This specimen was originally described as a neoceratopsian dinosaur egg by Balanoff et al., 2008. However, further examination of the high-resolution X-ray CT data has resulted in a reidentification of the specimen as an enantiornithine bird in a paper entitled Reidentification of Avian Embryonic Remains from the Cretaceous of Mongolia, by D.J. Varricchio, A.M. Balanoff and M.A. Norell (2015, PLoS ONE 10(6): e0128458). The abstract is as follows:
Embryonic remains within a small (4.75 by 2.23 cm) egg from the Late Cretaceous, Mongolia are here re-described. High-resolution X-ray computed tomography (HRCT) was used to digitally prepare and describe the enclosed embryonic bones. The egg, IGM (Mongolian Institute for Geology, Ulaanbaatar) 100/2010, with a three-part shell microstructure, was originally assigned to Neoceratopsia implying extensive homoplasy among eggshell characters across Dinosauria. Re-examination finds the forelimb significantly longer than the hindlimbs, proportions suggesting an avian identification. Additional, postcranial apomorphies (strut-like coracoid, cranially located humeral condyles, olecranon fossa, slender radius relative to the ulna, trochanteric crest on the femur, and ulna longer than the humerus) identify the embryo as avian. Presence of a dorsal coracoid fossa and a craniocaudally compressed distal humerus with a strongly angled distal margin support a diagnosis of IGM 100/2010 as an enantiornithine. Re-identification eliminates the implied homoplasy of this tri-laminate eggshell structure, and instead associates enantiornithine birds with eggshell microstructure composed of a mammillary, squamatic, and external zones. Posture of the embryo follows that of other theropods with fore- and hindlimbs folded parallel to the vertebral column and the elbow pointing caudally just dorsal to the knees. The size of the egg and embryo of IGM 100/2010 is similar to the two other Mongolian enantiornithine eggs. Well-ossified skeletons, as in this specimen, characterize all known enantiornithine embryos suggesting precocial hatchlings, comparing closely to late stage embryos of modern precocial birds that are both flight- and run-capable upon hatching. Extensive ossification in enantiornithine embryos may contribute to their relatively abundant representation in the fossil record. Neoceratopsian eggs remain unrecognized in the fossil record.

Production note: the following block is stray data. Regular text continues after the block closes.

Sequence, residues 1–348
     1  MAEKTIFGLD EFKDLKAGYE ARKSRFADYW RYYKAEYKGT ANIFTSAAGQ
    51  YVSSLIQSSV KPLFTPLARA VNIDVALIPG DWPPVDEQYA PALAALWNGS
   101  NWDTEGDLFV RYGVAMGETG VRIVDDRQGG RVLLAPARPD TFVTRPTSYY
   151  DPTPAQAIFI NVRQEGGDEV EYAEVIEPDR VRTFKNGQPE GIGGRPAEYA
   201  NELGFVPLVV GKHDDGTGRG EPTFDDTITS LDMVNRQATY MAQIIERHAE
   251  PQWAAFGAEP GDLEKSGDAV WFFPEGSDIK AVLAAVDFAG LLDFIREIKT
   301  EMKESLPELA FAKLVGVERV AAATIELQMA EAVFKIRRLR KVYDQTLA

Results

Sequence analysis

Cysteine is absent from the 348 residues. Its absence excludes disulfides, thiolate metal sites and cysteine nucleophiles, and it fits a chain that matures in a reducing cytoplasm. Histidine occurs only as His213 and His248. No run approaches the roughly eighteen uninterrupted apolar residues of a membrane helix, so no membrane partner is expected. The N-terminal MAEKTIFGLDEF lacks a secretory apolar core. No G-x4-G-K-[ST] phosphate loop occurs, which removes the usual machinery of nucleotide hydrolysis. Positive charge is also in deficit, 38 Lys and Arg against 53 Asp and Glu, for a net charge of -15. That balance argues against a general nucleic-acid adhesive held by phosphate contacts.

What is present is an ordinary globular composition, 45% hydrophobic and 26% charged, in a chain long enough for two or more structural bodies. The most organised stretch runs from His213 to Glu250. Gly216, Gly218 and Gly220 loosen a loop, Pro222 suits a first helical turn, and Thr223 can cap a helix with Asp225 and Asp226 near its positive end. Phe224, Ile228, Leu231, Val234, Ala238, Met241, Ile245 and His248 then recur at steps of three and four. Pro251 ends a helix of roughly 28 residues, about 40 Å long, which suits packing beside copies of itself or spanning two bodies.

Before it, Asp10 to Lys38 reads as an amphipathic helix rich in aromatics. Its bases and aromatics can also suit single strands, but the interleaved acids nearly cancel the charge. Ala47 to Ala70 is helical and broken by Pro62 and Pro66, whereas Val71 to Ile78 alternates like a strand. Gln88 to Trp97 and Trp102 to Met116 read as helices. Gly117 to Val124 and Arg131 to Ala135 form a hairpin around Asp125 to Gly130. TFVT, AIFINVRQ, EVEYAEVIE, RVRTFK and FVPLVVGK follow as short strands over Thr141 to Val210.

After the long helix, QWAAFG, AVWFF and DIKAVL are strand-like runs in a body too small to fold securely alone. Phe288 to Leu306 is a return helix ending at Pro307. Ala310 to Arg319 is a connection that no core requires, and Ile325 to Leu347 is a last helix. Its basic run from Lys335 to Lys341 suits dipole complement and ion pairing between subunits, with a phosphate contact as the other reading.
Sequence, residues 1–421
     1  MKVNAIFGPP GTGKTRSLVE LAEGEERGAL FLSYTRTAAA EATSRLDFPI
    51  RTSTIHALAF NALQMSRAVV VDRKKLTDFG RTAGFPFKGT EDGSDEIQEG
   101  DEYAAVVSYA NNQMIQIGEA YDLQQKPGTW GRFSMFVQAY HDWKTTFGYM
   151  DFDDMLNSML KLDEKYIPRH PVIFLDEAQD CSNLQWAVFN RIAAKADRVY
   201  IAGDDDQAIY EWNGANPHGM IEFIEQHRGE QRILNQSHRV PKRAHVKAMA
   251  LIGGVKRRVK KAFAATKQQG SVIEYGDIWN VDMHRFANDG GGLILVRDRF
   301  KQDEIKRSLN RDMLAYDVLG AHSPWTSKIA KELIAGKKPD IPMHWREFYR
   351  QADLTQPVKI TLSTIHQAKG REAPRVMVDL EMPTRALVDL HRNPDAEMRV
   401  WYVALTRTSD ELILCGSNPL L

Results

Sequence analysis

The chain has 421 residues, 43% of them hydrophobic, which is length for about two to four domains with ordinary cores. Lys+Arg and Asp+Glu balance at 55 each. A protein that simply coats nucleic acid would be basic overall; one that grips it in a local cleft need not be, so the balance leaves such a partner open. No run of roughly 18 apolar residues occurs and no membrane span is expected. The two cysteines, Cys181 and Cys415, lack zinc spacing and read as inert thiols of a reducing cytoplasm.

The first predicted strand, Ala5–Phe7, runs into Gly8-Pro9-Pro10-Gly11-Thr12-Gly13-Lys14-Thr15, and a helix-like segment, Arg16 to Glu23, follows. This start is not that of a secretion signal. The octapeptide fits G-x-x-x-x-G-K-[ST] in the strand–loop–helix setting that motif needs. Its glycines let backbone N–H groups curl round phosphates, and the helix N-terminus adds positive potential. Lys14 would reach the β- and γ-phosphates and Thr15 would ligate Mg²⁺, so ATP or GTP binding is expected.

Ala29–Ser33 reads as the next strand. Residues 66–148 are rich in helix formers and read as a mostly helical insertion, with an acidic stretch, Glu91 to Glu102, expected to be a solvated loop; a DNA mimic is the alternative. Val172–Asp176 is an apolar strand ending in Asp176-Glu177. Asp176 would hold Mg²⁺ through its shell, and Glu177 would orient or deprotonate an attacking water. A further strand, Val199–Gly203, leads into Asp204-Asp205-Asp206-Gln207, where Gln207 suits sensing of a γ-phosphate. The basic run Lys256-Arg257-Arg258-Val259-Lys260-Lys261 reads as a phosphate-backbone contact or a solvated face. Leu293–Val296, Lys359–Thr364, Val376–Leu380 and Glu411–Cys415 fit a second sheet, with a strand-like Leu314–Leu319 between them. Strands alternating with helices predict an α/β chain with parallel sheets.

About the Species
This specimen was made available to the University of Texas High-Resolution X-ray CT Facility for scanning by Dr. Matthew Lewin of the UCSF Medical Center. Funding was provided by Dr. Lewin.
About this Specimen
This specimen was scanned by Matthew Colbert on 3 February 2004 along the 'coronal' (long) axis for a total of 1296 slices. Each 1024 x 1024 pixel slice is 0.036 mm thick, with an interslice spacing of 0.036 mm and a field of reconstruction of 32 mm.
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Click on the thumbnail to the left for a yaw rotation animation (5.9 mb) of the egg rotating as the matrix fades.